Part II: Too Crowded to Operate
There’s nothing like adding more bodies in a room to making an already hectic environment nearly impossible to function in. Unfortunately, this is commonly the case in U.S. emergency departments; a study from the American Hospital Association found that 62% of hospitals feel they are at or over operating capacity. The Emergency Medical Treatment and Active Labor Act prohibits U.S. EDs from turning anyone away, regardless of their ability to pay, so without proper resources and adequate staffing, triaging and treating can be extremely difficult.
In this second article in our series on emergency department dilemmas, learn what your client is facing – whether they sought treatment in this chaotic setting or are working in it – and why.
Along with a lack of available dedicated beds in each department, there is a growing population of individuals with behavior disorders and decreased availability of treatment options due to budget cuts in U.S. EDs. Besides patients seeking traditional emergency care are those who don’t have health insurance to cover any other type of medical visitation. Boarding times have skyrocketed in recent years; boarding quintupled between 2009 and 2012 in the Seattle area, with patients waiting an average of three days in a chaotic, ill-equipped environment with very little psychiatric care. Elsewhere, patients may have to wait weeks before being officially assigned to a ward.
Why is it happening?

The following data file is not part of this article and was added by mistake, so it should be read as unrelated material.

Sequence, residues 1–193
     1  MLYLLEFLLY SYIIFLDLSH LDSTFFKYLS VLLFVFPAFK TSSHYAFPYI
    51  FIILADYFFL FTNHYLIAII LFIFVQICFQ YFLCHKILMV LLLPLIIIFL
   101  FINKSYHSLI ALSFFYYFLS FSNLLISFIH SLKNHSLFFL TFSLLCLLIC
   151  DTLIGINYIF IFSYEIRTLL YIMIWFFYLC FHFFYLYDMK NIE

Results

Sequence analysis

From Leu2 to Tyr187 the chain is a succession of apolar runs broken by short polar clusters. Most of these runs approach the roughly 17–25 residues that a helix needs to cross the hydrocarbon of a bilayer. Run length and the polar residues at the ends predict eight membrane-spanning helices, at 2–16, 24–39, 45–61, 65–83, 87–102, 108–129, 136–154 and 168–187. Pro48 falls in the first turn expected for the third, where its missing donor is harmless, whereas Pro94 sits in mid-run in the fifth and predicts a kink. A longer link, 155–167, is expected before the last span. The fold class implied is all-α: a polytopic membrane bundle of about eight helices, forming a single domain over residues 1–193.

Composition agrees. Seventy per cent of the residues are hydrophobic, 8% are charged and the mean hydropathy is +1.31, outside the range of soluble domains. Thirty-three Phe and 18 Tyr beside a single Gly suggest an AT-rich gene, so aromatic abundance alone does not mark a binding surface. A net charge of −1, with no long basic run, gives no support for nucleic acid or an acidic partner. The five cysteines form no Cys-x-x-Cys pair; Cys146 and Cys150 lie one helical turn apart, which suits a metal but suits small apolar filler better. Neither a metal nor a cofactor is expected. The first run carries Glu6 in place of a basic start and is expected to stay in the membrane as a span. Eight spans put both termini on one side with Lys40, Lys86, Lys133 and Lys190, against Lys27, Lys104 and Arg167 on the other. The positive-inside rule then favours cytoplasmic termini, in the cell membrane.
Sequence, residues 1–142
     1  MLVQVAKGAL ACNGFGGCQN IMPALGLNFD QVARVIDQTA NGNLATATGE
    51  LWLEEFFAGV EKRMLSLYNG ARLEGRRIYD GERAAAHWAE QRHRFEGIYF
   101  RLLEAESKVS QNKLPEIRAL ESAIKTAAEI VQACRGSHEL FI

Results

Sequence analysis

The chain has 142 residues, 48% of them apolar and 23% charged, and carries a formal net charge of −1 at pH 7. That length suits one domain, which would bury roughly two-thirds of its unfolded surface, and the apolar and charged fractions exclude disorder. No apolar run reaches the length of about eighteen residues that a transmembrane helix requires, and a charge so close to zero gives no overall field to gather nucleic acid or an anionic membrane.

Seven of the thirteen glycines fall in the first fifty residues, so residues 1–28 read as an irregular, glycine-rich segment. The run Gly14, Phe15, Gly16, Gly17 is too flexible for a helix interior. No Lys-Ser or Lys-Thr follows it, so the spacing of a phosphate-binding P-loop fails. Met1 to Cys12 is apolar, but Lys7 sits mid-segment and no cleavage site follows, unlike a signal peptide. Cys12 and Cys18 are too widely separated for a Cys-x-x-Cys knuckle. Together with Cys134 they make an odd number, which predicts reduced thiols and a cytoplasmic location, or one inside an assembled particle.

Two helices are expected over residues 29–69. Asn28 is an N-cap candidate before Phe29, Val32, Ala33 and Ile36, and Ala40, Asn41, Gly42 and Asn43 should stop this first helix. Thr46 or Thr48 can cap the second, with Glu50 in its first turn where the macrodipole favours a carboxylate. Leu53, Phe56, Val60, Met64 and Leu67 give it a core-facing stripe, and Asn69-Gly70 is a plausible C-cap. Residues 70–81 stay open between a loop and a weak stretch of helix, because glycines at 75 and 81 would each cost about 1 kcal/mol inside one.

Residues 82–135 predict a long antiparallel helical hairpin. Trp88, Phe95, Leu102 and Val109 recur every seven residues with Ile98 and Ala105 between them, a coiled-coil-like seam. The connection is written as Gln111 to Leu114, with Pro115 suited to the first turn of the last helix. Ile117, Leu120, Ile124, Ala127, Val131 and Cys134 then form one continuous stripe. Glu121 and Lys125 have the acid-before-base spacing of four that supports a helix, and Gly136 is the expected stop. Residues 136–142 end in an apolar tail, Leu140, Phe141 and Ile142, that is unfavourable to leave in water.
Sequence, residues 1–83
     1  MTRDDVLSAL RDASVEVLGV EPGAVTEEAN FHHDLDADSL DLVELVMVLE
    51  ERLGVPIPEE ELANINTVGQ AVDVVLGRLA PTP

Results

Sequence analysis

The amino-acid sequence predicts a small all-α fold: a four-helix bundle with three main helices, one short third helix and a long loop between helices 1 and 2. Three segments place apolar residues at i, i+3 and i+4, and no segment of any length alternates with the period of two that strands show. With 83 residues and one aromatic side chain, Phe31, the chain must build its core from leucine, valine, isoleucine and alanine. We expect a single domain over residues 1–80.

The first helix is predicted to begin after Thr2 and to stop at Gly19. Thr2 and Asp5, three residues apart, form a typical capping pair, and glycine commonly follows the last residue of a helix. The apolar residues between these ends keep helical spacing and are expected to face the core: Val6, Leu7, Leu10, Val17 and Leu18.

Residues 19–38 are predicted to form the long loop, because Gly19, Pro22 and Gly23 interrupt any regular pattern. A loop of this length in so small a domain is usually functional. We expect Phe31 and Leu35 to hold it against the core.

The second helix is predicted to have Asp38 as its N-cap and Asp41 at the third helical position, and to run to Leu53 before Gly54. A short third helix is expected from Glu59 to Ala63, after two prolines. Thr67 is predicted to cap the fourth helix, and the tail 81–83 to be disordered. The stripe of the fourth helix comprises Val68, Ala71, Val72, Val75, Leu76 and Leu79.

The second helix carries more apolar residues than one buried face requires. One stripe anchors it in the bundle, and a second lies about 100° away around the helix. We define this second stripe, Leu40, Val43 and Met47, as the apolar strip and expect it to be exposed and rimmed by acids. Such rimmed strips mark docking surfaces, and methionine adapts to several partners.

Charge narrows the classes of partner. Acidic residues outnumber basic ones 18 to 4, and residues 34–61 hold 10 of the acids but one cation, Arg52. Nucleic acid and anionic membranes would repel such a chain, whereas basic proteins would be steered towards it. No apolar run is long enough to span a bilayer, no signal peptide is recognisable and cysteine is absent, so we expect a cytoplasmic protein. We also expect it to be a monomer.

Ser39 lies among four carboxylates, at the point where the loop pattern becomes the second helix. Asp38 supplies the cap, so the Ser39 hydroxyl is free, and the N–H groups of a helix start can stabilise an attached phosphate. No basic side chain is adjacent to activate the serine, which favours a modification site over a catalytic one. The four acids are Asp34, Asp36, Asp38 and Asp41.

Researchers from Harvard and MIT found that just 18 months after the Affordable Care Act went into effect, per-person emergency room visits among Medicaid patients increased by 40 percent. Because previously uninsured individuals are now able to visit an emergency room without a co-pay, boarding numbers in EDs across America are on the rise, making it clear that insurance coverage is a problem that needed solving, but perhaps the bigger problem is the capacity, staffing, and resources of U.S. EDs. As to problems still persisting from lack of insurance coverage, 75% of dental ER visits are by the uninsured or those with government insurance plans, since the Affordable Care Act does not cover dental services for adults, making for visits that cost three times more than a routine dental visit.
What are some possible solutions?
While changing insurance coverage and building up larger emergency departments are long, difficult processes, there are other things that can be done to improve the situation short-term. Insurance companies and hospitals can provide education for the public emphasizing the use of urgent care centers for less serious or easily fixed health concerns. For example, Group Health Cooperative of Puget Sound reduced emergency room usage among their members by 27% over the past four years due to an educational social media campaign and such measures as requiring a $200 co-pay for an emergency room visit and just a $15 co-pay for an urgent care visit. Hospitals can also work to funnel more funding into emergency department supplies, staff, and personnel training to ease the stress on everyone involved.
The final article in this series will focus on concerns that invoke the hatred of both patients and medical professionals alike: administrative issues.
Pexton, Carolyn, “Issues and Solutions for Today’s Emergency Department,” iSixSigma, n.d. https://www.isixsigma.com/industries/healthcare/issues-and-solutions-todays-emergency-department/
 Warren, Bryan, “Managing Security for Emergecny Departments with High-Risk Patients,” Security Magazine, May 1, 2014, http://www.securitymagazine.com/articles/85454-managing-security-for-emergency-departments-with-high-risk-patients
 Emanuel, Ezekiel J., “How to Solve the E.R. Problem,” New York Times, May 6, 2015, http://www.nytimes.com/2015/05/06/opinion/how-to-solve-the-er-problem.html?_r=0
 Ungar, Laura, “ER visits for dental problems on the rise,” USA Today, June 29, 2015, http://www.usatoday.com/story/news/nation/2015/06/29/er-dental-visits/29492599/
 Emanuel, “How to Solve the E.R. Problem,”